Thanks again. The mutual recursion is the pattern I was looking for but couldn't quite figure out. One recursion to create the chunks and another to cons them to the list of chunks. –  Harry Spier Apr 30 '12 at 1:55
+1 for the `non-empty-listof`. –  Will Ness Mar 16 '13 at 16:15

I can think of a simple, straightforward solution using a single procedure with only primitive list operations and tail recursion (no `values`, `let-values`, `call-with-values`) - and it's pretty efficient. It works with all of your test cases, at the cost of adding a couple of `if` expressions during initialization for handling the empty list case. It's up to you to decide if this is concise:

``````(define (chunkify lst)
(let ((lst (reverse lst))) ; it's easier if we reverse the input list first
(let loop ((lst (if (null? lst) '() (cdr lst)))        ; list to chunkify
(cur (if (null? lst) '() (list (car lst)))) ; current sub-list
(cond ((null? lst)                    ; is the input list empty?
(cons cur acc))
((= (add1 (car lst)) (car cur)) ; is this a consecutive number?
(loop (cdr lst) (cons (car lst) cur) acc))
(else                           ; time to create a new sub-list
(loop (cdr lst) (list (car lst)) (cons cur acc)))))))
``````
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Thanks Oscar, that was very fast (something like 40 minutes from my post). Its a little humbling when I think how long it took me to come up with my solution :-) Cheers. –  Harry Spier Apr 30 '12 at 0:09
+1 for tail recursive version! –  Will Ness Mar 16 '13 at 16:36

Yet another way to do it.

``````#lang racket

(define (split-between pred xs)
(let loop ([xs xs]
[ys '()]
[xss '()])
(match xs
[(list)                 (reverse (cons (reverse ys) xss))]
[(list x)               (reverse (cons (reverse (cons x ys)) xss))]
[(list x1 x2 more ...)  (if (pred x1 x2)
(loop more (list x2) (cons (reverse (cons x1 ys)) xss))
(loop (cons x2 more) (cons x1 ys) xss))])))

(define (consecutive? x y)
(= (+ x 1) y))

(define (group-consecutives xs)
(split-between (λ (x y) (not (consecutive? x y)))
xs))

(group-consecutives '(1 2 3 5 6 7 9 10 11))
(group-consecutives '(1 2 3))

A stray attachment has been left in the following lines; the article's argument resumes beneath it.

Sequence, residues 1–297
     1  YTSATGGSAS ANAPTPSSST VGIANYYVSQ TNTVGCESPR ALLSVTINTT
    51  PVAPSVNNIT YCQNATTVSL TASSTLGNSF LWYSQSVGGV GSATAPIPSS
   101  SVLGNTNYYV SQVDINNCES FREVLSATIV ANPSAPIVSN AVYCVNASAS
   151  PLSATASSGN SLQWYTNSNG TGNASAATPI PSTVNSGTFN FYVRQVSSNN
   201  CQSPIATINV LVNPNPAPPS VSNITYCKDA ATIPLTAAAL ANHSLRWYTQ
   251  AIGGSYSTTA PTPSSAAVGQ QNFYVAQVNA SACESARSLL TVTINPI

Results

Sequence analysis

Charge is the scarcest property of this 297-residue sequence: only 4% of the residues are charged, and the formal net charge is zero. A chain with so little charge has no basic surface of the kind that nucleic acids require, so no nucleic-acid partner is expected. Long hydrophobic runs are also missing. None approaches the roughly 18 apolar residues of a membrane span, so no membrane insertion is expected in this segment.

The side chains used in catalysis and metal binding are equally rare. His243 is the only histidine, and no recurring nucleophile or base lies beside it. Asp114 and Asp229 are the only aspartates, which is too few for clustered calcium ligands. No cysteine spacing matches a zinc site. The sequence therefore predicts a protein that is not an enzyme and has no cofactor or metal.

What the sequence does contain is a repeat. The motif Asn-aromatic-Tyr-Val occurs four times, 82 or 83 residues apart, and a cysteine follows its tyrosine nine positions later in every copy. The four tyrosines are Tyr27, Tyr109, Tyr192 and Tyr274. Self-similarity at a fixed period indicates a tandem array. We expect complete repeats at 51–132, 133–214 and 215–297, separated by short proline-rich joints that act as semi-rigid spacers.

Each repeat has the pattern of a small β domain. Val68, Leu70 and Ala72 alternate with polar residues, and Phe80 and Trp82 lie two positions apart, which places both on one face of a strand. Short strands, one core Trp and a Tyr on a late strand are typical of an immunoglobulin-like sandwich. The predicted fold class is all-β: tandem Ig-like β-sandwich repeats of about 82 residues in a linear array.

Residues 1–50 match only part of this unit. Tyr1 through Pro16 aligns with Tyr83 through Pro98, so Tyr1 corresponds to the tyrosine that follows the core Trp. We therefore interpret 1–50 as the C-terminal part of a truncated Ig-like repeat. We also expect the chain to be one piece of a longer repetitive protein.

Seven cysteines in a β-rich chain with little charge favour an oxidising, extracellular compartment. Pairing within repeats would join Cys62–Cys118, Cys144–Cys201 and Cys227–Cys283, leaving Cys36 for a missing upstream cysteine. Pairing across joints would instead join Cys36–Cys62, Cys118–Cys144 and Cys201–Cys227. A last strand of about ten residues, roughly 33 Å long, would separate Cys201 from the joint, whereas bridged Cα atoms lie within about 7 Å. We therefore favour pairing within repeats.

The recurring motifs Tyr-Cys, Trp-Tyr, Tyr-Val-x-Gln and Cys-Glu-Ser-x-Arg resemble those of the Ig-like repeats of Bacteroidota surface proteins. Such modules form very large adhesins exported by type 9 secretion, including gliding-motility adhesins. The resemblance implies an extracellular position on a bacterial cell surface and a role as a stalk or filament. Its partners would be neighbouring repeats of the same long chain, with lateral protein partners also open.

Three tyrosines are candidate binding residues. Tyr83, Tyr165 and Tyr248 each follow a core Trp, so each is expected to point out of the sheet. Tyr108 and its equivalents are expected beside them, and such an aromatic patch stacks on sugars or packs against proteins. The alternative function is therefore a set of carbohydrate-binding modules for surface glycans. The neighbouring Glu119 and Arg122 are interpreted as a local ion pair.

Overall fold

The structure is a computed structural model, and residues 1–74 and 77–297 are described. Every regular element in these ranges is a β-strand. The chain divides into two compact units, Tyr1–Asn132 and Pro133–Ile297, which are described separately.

(group-consecutives '(1 3 4 5 7 9 10 11 13))
(group-consecutives '(1))
(group-consecutives '())
``````
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Thanks soegaard, particularly for showing the use of pattern matching. –  Harry Spier Apr 30 '12 at 0:02

I want to play.

At the core this isn't really anything that's much different from what's been offered but it does put it in terms of the for/fold loop. I've grown to like the for loops as I think they make for much more "viewable" (not necessarily readable) code. However, (IMO -- oops) during the early stages of getting comfortable with racket/scheme I think it's best to stick to recursive expressions.

``````(define (chunkify lst)
(define-syntax-rule (consecutive? n chunk)
(if (null? lst)
'special-case:no-chunks
(reverse
(map reverse
(for/fold  ([store    `((,(car lst)))])
([n         (cdr lst)])
(let*([chunk   (car store)])
(cond
[(consecutive? n chunk)
(cons  (cons n chunk)  (cdr store))]
[else
(cons  (list n)  (cons chunk (cdr store)))])))))))

(for-each
(ƛ (lst)
(printf "input   :  ~s~n" lst)
(printf "output  :  ~s~n~n" (chunkify lst)))
'((1 2 3 5 6 7 9 10 11)
(1 2 3)
(1 3 4 5 7 9 10 11 13)
(1)
()))
``````
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Many thanks dlm. Using Racket there are so many different ways to do things. I've gone with Ryan's solution but I pass "consecutive?" as a first class function. Since I use "Chunkify" with several different kinds of lists of lists in the application. –  Harry Spier May 7 '12 at 3:05

Here's my version:

``````(define (chunkify lst)
(let loop ([lst lst] [last #f] [resint '()] [resall '()])
(if (empty? lst)
(append resall (list (reverse resint)))
(begin
(let ([ca (car lst)] [cd (cdr lst)])
(if (or (not last) (= last (sub1 ca)))
(loop cd ca (cons ca resint) resall)
(loop cd ca (list ca) (append resall (list (reverse resint))))))))))
``````

It also works for the last test case.